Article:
Nov 6, 2011

Phillies Project Update: Steve Carlton was a Cardinal First?? You don't say....

Steve "Lefty" Carlton, the Phillies pitcher in its history who has had the most success over the longest period of time.   One can look to Grover Cleveland Alexander as having the most dominant stretch ever for a pitcher in a Phillies uniform or one can look to Robin Roberts with a 5 year run as impressive as any.  However, Carlton was the only one to sustain varying degrees of excellence in a Phillies uniform for 15 years (1972-1985).  This is a long career even in the most judicious of circumstances, and yet it has always been jarring for me to see his early cards as a member of the (now immensely disliked through the end of 2011) Cards. 

Steve Carlton as a Card was nearly 6 years in the making as a potentially premiere pitcher of the spheroid.   Summary of the performance is presented below.  There was life before 1972, you know (though I didn't experience it. And if I did, I would be older than I am, in which case, I would be someone else).  Images of the Steve Carlton as a Card consistently proves this.

His career began as a precocious youth at the age of 19 in 1965, making his first two career starts while mostly being a reliever: 21 Ks in 25 IP showed the promise.   1966 came and went with him spending most of the year at AAA Tulsa, making only 9 major league starts and struggling a bit with a 1.42 WHIP and only 25 K in 52 innings.  1967 was a breakout year for Carlton with a 14-9 record, 2.98 ERA, and 11 complete games (CG) in 28 starts.  His strikeout rate of 7.8 K/9 was one of the highest of his career.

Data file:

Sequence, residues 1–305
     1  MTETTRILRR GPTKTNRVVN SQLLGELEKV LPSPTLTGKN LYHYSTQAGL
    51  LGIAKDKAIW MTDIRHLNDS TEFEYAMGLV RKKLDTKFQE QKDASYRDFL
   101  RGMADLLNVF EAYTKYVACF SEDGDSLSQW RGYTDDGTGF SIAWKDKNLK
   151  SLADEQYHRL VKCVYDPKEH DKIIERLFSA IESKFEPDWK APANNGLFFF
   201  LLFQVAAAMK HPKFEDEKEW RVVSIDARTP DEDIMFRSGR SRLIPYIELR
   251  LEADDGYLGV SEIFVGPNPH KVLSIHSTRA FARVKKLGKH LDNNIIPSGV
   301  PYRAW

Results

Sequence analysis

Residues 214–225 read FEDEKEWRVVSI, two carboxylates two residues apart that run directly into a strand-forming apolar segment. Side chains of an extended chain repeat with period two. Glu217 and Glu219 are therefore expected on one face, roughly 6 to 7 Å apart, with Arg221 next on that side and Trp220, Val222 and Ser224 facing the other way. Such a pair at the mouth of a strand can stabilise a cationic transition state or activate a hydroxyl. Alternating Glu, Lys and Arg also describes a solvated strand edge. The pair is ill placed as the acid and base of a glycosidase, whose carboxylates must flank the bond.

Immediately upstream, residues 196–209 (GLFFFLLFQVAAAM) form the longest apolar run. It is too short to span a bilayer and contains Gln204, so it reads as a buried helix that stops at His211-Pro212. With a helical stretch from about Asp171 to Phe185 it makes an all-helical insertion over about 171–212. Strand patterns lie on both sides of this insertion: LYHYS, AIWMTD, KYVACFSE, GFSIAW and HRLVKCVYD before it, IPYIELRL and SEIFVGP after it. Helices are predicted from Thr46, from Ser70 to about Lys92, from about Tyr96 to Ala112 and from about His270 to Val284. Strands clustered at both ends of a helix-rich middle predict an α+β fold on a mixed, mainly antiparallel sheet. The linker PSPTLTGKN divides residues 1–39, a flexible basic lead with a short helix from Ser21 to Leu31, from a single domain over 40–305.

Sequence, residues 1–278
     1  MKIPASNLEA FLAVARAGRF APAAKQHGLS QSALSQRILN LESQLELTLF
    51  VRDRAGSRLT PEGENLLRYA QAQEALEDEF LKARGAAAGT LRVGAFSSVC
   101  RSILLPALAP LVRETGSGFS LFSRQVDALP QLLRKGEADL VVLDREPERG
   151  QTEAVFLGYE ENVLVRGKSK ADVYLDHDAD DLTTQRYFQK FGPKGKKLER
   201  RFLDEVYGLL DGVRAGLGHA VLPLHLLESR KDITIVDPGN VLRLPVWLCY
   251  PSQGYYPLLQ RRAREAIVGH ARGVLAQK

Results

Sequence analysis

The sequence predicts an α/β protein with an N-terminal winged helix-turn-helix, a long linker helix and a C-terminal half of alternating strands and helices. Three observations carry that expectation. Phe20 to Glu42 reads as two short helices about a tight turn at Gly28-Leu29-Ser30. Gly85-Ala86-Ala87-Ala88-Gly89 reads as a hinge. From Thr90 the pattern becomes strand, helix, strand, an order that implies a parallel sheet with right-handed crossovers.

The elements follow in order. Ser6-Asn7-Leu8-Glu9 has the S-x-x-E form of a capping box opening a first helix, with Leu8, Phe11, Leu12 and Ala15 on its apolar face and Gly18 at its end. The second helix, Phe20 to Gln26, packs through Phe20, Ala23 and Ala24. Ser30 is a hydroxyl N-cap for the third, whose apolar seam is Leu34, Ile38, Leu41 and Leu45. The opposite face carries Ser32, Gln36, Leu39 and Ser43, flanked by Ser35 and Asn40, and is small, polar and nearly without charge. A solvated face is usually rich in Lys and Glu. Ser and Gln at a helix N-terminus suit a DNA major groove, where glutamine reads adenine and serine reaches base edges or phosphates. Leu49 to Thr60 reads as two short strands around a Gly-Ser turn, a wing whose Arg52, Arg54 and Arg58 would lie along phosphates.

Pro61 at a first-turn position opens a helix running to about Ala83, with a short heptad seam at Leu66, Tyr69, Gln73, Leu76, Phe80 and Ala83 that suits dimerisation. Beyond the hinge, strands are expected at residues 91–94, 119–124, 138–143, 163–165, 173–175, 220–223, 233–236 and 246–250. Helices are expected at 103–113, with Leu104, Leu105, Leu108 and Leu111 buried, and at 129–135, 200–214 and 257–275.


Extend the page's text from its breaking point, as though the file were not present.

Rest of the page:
1968 had a similar performance (13-11, 2.99 ERA, and 162 K in 232 innings), but his ERA+ decreased from 110-97 because of the crazy low run-scoring environment of 1968.  1969 was the first time in his career he placed in the top 10 in the leage in K with 210 in  236 innings, his walk rate spiked a bit from the previous two years, but he still managed a 2.17 ERA, 2nd in the league.  1970 was a regression of sorts since his walk rate climbed even higherto 3.9 BB/9, finishing 3rd in the league with 109 BB, so he finished 10-19 with a 3.73 ERA.  1971 decreased both the walk and K rate from the previous year, but he reversed his fortunes and had his first 20 win season of his career finishing 20-9 with a 3.56 ERA even though the K rate was the lowest of his career until he was 42 years old.

It was at this point, that the challenge trade occurred for a talented Rick Wise coming off his career year in 1971.  Carlton had a much stronger profile, though they seemed similar on the surface.  The foundation to have a higher peak was already established. (though no one predicted a season quite like 1972).

So, here ends the quest for every mainstream affordable issue Phillies card from the 1980 Phillies World Series team (I am excepting the Carlton and Schmidt rookies for now).  This offseason, I intend to scan the binder.  I hope it happens; it's quite the trip down memory lane.


Jim said...

Definitely looking forward to seeing the scans of the binder. What a great collection it must be!

Fuji said...

Great post... I'm a huge fan of Lefty. I currently am hunting down all of his regular issue Topps base cards from his playing days.